Philosophy Today 55 (1):37-49 (2011)
AbstractThis essay develops a new account of the work the self must perform on itself in disciplinary relations through the cultivation of resources from Foucault’s later work. By tracing the ethical self-relation from Greco-Roman antiquity to the Benedictine monastery, I am able to provide insight into the relationship of self-renunciation that underlies disciplinary docility and obedience. This self-renunciation undermines individuals’ ability to lead themselves and makes them reliant on another who has mastery of the truth through which the subject must be constituted. Disciplinary relations were thus seen to be doubly efficacious in producing relations of domination: they attempt to eliminate the self- leadership of the individual which not only un- dermines the individual’s potential to resist; it leaves them in need of the dominating training that disciplinary relations institute. This insight into the activity of the individual in the produc- tion of their own docility was then used to clarify and develop aspects of two perennially enigmatic but powerful areas of Foucault’s work, his focus on “bodies and pleasures” and his turn to the “aesthetics of existence.”
Added to PP
Historical graph of downloads
Citations of this work
No citations found.
Similar books and articles
Religious Renunciation of a Pastoral People.Vinay Kumar Srivastava - 1997 - Oxford University Press.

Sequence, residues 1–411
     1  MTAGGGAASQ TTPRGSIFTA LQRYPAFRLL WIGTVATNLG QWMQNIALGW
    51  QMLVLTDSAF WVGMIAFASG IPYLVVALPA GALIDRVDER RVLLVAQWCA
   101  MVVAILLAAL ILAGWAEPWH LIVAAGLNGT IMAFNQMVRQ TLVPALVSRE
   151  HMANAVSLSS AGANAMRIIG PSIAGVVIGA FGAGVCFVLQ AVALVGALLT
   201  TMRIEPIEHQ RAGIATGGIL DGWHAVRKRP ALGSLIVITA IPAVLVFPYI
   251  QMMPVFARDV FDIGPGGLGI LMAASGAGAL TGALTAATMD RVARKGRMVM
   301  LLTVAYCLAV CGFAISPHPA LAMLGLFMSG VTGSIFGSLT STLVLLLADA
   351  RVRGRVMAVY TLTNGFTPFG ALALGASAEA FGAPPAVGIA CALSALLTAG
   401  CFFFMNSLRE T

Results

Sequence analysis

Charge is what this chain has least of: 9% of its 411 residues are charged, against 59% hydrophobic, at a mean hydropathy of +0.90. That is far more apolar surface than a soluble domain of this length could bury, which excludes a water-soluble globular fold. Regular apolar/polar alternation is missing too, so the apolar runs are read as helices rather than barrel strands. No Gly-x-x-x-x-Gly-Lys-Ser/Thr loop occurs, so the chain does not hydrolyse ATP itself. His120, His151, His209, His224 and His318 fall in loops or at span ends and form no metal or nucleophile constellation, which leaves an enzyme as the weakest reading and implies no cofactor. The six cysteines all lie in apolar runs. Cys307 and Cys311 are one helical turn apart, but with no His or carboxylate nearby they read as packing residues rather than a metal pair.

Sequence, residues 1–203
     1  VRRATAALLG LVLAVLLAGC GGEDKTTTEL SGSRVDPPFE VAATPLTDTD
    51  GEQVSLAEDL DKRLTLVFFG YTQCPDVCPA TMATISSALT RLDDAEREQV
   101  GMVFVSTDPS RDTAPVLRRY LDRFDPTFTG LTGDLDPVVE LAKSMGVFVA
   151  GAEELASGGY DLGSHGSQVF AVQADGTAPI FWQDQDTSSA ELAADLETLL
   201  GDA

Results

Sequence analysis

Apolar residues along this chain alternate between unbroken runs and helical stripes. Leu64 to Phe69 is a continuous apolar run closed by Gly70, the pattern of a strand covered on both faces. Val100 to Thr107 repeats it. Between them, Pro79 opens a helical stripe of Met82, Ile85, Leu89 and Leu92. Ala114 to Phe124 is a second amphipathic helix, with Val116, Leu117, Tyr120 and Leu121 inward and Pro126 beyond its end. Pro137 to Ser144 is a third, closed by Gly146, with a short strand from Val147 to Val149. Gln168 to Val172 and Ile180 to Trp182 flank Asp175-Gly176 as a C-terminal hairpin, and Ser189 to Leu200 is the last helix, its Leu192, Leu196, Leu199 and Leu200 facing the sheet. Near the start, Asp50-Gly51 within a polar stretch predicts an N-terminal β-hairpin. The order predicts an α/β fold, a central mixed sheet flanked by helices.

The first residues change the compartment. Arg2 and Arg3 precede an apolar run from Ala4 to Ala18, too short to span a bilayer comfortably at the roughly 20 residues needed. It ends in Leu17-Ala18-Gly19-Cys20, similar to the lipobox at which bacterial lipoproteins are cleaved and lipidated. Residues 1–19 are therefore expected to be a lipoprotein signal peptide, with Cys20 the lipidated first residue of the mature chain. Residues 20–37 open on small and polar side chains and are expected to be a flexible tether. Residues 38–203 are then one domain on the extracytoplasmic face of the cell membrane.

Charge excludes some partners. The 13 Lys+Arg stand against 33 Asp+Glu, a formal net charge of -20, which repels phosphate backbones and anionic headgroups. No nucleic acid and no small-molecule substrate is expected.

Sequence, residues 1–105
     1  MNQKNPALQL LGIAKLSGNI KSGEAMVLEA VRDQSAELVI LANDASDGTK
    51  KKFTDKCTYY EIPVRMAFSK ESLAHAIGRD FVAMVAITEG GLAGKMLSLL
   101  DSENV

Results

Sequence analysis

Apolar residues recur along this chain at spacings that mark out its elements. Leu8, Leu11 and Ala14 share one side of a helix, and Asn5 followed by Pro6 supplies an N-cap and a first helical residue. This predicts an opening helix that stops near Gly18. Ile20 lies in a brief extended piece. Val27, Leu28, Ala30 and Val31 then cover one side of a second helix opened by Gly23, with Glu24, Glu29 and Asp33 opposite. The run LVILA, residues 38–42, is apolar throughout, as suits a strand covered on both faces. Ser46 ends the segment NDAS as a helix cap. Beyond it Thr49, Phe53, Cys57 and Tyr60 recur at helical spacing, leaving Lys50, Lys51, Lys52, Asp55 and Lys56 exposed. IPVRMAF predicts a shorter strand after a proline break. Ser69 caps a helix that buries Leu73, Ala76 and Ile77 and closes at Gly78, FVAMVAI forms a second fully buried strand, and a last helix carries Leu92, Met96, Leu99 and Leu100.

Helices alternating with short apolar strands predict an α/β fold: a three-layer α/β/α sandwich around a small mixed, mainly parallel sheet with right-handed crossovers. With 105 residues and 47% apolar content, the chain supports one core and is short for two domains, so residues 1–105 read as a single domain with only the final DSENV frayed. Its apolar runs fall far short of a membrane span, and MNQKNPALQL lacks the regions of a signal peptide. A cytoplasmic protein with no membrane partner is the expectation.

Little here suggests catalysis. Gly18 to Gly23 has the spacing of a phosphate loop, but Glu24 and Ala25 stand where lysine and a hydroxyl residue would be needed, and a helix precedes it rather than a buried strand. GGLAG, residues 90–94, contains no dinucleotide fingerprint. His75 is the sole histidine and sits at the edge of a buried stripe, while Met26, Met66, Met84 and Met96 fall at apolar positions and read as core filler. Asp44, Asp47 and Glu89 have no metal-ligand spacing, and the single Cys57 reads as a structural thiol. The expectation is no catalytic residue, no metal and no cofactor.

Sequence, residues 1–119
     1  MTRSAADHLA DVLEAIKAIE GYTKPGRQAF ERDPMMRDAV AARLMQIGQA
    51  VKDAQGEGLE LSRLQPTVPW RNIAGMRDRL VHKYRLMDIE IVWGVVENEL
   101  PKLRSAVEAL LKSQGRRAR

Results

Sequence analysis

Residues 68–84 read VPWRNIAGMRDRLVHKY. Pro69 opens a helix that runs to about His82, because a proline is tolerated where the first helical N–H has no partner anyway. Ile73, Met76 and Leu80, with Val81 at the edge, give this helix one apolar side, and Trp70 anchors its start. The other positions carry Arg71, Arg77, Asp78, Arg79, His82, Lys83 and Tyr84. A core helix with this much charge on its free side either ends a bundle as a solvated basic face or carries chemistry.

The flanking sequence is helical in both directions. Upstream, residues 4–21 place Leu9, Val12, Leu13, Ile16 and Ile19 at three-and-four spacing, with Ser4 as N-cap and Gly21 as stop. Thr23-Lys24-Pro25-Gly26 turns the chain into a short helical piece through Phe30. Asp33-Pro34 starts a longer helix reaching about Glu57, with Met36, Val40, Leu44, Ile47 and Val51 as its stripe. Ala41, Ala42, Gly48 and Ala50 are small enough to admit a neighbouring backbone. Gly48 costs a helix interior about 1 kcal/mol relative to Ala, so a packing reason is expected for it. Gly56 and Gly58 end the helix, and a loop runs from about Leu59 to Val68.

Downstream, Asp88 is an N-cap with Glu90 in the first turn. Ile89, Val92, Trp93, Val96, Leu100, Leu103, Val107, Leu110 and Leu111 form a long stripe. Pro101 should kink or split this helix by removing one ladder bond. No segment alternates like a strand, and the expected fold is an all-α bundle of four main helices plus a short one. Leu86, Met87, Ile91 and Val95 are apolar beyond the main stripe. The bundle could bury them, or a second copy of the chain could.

Personal Histories of Choices: Documenting Renunciation.Gulmina Bilal (ed.) - 2011 - Dotlines.
The Difference Between Obedience Assumed and Obedience Accepted.Christian Dahlman - 2009 - Ratio Juris 22 (2):187-196.
Vattimo’s Renunciation of Violence.Jason Royce Lindsey - 2013 - Ethical Theory and Moral Practice 16 (1):99-111.
The Jacobitism of Berkeley's Passive Obedience.David Berman - 1986 - Journal of the History of Ideas 47 (2):309-319.
Political Authority, Moral Powers and the Intrinsic Value of Obedience.William A. Edmundson - 2010 - Oxford Journal of Legal Studies 30 (1):179-191.
Obedience and Evil: From Milgram and Kampuchea to Normal Organizations. [REVIEW]Miguel Pina E. Cunha, Arménio Rego & Stewart R. Clegg - 2010 - Journal of Business Ethics 97 (2):291-309.
Nietzsche and Equality.James Wilson - 2007 - In Gudrun von Tevenar (ed.), Nietzsche and Ethics. Peter Lang.
Natural Moralities:A Defense of Pluralistic Relativism: A Defense of Pluralistic Relativism.David B. Wong - 2006 - Oxford University Press.
The Plurality of Chinese and American Medical Moralities: Toward an Interpretive Cross-Cultural Bioethics.Jing-Bao Nie - 2000 - Kennedy Institute of Ethics Journal 10 (3):239-260.